Get adequate sleep

With only 24 hours in a day, most people find themselves sacrificing sleep in order to fit more productive work into their daily schedules. However, it has long been proven that adequate sleep is important for maintaining overall health. According to the National Institutes of Health (NIH), the body uses sleep as a time to repair any damage and get rid of unwanted substances in the body. Without a good amount of sleep, you are depriving your body of the chance to heal itself, which in turn increases your risk of several health conditions like dementia, obesity, and heart disease.

A 2008 study published in Sleep found that both sleeping too much and sleeping too little are associated with higher levels of triglycerides and lower levels of good cholesterol. In a separate study published in 2016 in Scientific Reports, researchers also found that sleep deprivation may lower good cholesterol levels. These two independent studies, along with many others, provide a possible explanation as to why lack of sleep has been shown to be associated with an increased risk of heart disease.

Another factor that needs to be taken into account is obstructive sleep apnea (OSA). People who have OSA experience intermittent obstruction in their airways as they sleep, consequently diminishing oxygen levels in the body. According to a large 2018 study published in Respirology, study participants with OSA who had no prior history of hyperlipidemia experienced a significant increase in their total cholesterol, bad cholesterol, and triglyceride levels.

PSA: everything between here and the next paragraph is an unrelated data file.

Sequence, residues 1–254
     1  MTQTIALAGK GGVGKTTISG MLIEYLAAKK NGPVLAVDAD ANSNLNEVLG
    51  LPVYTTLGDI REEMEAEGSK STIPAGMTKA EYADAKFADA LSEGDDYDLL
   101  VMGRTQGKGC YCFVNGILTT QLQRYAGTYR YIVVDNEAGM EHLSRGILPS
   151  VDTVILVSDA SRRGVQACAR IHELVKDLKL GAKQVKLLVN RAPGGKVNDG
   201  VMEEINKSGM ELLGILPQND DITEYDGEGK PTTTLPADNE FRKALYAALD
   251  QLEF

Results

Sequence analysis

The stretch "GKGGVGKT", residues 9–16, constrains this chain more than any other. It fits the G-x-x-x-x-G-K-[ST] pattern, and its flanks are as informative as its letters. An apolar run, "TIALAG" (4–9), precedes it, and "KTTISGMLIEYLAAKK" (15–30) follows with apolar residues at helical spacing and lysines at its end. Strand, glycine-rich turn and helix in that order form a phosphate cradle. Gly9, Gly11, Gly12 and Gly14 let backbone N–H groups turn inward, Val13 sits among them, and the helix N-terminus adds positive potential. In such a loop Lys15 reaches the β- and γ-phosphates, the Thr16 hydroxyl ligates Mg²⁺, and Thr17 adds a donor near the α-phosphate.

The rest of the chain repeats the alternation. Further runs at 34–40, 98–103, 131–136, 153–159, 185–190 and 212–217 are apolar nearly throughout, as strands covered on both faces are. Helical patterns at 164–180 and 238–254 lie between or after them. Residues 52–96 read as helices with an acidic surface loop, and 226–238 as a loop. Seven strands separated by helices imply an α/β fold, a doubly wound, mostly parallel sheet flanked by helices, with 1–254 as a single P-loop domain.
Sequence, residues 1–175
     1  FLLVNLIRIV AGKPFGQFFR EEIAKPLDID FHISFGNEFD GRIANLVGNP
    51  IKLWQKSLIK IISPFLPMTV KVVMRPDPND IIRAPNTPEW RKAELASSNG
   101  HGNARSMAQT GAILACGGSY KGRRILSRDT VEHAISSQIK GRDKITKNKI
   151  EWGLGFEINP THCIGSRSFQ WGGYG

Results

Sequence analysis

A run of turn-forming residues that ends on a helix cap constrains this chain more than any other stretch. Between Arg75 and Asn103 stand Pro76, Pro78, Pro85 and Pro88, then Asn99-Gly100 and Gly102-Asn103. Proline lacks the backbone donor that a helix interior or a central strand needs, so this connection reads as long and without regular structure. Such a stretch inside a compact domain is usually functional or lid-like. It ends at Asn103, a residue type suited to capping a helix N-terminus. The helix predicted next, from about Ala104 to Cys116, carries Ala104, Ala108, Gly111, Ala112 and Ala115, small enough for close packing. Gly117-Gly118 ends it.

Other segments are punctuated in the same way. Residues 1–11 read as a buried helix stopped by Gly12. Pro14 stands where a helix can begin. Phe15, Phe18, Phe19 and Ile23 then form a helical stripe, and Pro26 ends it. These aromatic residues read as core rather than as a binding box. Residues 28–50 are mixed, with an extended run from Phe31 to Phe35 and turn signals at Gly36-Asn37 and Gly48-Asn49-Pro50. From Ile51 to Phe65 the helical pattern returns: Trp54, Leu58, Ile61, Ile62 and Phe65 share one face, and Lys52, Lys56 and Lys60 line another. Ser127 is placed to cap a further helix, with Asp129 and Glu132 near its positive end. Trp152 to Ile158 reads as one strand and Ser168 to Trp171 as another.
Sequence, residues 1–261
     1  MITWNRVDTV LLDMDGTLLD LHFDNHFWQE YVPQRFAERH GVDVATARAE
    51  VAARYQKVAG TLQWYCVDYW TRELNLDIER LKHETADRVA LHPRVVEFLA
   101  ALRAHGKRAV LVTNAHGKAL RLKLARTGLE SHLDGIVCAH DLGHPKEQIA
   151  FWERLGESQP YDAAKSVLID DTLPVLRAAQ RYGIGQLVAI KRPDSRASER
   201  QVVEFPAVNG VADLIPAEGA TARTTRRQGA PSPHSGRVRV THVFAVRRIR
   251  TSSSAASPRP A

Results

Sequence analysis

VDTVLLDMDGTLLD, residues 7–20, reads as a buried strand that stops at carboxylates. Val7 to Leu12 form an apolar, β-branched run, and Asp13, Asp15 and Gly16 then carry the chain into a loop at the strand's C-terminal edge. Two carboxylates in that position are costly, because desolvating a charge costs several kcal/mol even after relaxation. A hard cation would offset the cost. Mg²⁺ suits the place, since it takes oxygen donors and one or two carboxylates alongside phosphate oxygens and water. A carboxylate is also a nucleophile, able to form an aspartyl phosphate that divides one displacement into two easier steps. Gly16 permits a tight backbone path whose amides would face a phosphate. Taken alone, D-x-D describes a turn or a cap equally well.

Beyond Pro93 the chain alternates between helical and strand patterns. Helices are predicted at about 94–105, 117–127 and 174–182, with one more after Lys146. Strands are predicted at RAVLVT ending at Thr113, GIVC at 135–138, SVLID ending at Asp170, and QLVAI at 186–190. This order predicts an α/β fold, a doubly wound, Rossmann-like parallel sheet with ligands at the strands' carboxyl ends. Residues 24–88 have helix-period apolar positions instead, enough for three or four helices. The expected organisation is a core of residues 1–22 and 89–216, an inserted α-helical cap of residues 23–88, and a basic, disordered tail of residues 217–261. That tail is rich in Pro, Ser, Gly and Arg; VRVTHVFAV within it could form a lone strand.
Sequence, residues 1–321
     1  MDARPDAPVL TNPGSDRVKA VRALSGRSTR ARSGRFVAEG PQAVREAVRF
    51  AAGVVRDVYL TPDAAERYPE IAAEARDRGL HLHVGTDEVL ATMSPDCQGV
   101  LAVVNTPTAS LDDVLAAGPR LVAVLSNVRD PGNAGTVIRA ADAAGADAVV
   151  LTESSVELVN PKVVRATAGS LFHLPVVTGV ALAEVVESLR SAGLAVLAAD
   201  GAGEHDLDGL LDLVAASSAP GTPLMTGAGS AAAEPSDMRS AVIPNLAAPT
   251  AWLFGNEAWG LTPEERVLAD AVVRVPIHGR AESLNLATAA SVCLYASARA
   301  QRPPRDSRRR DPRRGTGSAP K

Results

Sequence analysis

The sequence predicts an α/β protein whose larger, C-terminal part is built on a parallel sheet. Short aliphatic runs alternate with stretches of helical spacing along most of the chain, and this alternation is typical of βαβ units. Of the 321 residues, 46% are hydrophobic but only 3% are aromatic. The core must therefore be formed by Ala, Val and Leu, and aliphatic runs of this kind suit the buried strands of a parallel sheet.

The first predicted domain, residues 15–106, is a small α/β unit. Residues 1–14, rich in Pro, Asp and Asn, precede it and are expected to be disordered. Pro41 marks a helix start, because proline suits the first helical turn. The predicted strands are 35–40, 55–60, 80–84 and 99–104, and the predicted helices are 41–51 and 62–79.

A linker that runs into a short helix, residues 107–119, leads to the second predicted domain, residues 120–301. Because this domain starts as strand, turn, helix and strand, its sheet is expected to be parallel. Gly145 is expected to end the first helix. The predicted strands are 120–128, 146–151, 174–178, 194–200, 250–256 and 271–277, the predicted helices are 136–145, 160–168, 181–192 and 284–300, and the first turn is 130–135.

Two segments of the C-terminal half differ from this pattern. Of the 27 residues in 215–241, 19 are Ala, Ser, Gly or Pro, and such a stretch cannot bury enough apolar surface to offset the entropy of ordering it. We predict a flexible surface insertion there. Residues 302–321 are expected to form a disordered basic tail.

Find ways to manage your stress

Stress is a normal part of life, but excess stress can take a physical toll on the body. Studies show that people who are under a lot of stress are more likely to have high levels of bad cholesterol and low levels of good cholesterol. This is partly due to unhealthy habits (e.g., eating more unhealthy foods, smoking, drinking alcohol, not exercising), but it may also be related to high levels of cortisol and adrenaline.

According to Medical News Today, cortisol can indirectly increase cholesterol levels by forcing the body to release sugar and fatty acids for energy. High levels of cortisol can also increase a person's appetite and promote fat deposition around the stomach area. High-stress situations can also lead to temporary hemoconcentration, wherein blood and its components become more concentrated. This, in turn, can transiently increase cholesterol levels in the blood.

Ways to manage stress include being aware of unhealthy habits and fighting the urge to follow them, noticing what things make you feel relaxed and doing more of them (e.g., listening to music, meditation, yoga, mindfulness), spending time with people you enjoy being with (e.g., family, friends, significant others), and staying physically active through regular exercise (per WebMD). If your stress is mostly related to a health condition like anxiety or depression, it is important that you seek help from professionals such as your doctor, who can give you further insight into what you are going through and provide you with the right treatment.